#1 cleantech news, reviews, & analysis site in the world. Subscribe today. The future is now.

Carbon Pricing

Published on January 16th, 2015 | by Silvio Marcacci


The Social Cost of Carbon Is Six Times Higher Than Estimated

January 16th, 2015 by  

What if the social cost of carbon – a calculation of economic damage caused by carbon dioxide emissions used as the foundation of American climate policy assessments – was wrong? And not just “oops-I-forgot-a-decimal-point” wrong, but “ruin-your-national-economy” wrong?

Unfortunately, according to a new study from Stanford University scientists, the price tag for the ever-growing amount of CO2 humanity is spewing into the air is six times higher than previously estimated by the U.S. government.

factory emissions

If true, this higher social cost of carbon has major implications for emissions policy. Not only do the grim economic projections of climate change impacts become much worse in developed nations, they may leave some developing countries unable to sustain economic growth.

A Trillion-Dollar Economic Threat to America?

Economic evaluation of U.S. federal climate policies has hinged on a social cost of carbon estimate since it was first defined in 2010 and subsequently updated to $37 per metric ton of CO2 in 2013. The social cost of carbon estimates monetized damages from climate-related impacts like decreased agricultural production, human health, and flood damages, among others.

Unfortunately, $37 seems like a dangerously low estimate. Each metric ton of carbon dioxide emitted into the atmosphere causes $220 in economic damages, say the Stanford researchers. If that seems like a manageable cost, add in context from overall U.S. emissions and a staggering economic threat takes shape.

In 2013, American energy sector CO2 emissions rose 2.5%, totaling 5,396 million metric tons. If the Stanford research is applied, America may face a price tag of well over $1 trillion dollars annually just from generating power, not to mention transportation or manufacturing-related emissions. Considering America’s gross domestic product (GDP) was $16.7 trillion in 2013, our carbon costs are significant, to say the least.

Higher Costs Over Time, Higher Social Cost of Carbon

So how have we gotten the social cost of carbon so wrong? Inaccurate economic modeling, in essence, say the Stanford researchers. America’s social cost of carbon (as well as those in Germany, the United Kingdom, Canada, and others) is based on an integrated assessment model (IAM). IAMs combine myriad inputs to assign costs and benefits to certain actions (in this case cutting emissions), but IAMs assume climate change costs are felt immediately without permanent damage to GDP, and fail to add up how climate change and associated economic impacts add up over time.

The Stanford study arrived at a $220 social cost of carbon by allowing climate change to impact an economy’s development as a certain amount of money is spent adapting to rising seas, hotter temperatures, and stronger storms. “For 20 years now, the models have assumed climate change can’t affect the basic growth rate of the economy,” said Stanford’s Frances Moore, a study co-author. “If climate change affects not only a country’s economic output but also its growth, than that has a permanent effect that accumulates over time, leading to a much higher social cost of carbon.”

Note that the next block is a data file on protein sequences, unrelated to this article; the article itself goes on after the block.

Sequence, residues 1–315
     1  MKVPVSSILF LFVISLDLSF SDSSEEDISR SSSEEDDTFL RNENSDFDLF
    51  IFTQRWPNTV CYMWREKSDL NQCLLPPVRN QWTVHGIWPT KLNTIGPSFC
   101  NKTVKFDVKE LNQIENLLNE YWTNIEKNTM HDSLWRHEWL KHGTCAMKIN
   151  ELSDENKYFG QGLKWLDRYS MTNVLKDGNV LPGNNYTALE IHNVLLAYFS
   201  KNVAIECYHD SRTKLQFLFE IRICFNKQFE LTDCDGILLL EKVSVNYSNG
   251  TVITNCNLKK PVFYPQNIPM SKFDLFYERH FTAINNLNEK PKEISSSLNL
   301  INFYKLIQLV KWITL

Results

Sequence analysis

Put another way, with every extreme weather event caused by climate change, more money must go toward rebuilding or recovering, limiting money available for investment and gradually eroding capital infrastructure like roads and buildings. Sure, New York and New Jersey recovered from Hurricane Sandy, but every dollar funding climate resiliency and repair is one less spent on existing needs, and every day a worker couldn’t work because their business was closed or home destroyed was one less day to generate income.

Developing Nations to Bear Brunt of Economic Damages

These “climate shocks” are a drag on developed countries, but can be devastating in developing nations without financial reserves where economic activity hinges on agriculture and physical labor. Typhoon Haiyan, for instance, ravaged the Philippines in 2013 with damage estimated around $14 billion and just $2 billion covered by insurance. Recovery in the Philippines will certainly take longer than in New York City.

But even if major events like hurricanes or floods are ignored, rising temperatures will harm economic output – a 2013 study estimated heat stress reduces labor capacity 10 percent now, and could cut labor productivity 20 percent by 2050 in places like India, the Middle East, Southeast Asia, and the Caribbean.

The Stanford research flushed these different economic impacts out by dividing their model into two regions, to represent high and low-income countries, and the results don’t bode well for developing nations. Using the impacts over time + adaptation spending, developed economies lose 12% of GDP by 2100, but developing economies fare much worse. “Average annual growth rate in poor regions is cut from 3.2% to 2.6%, which means by 2100 per-capita GDP is 40% below reference.”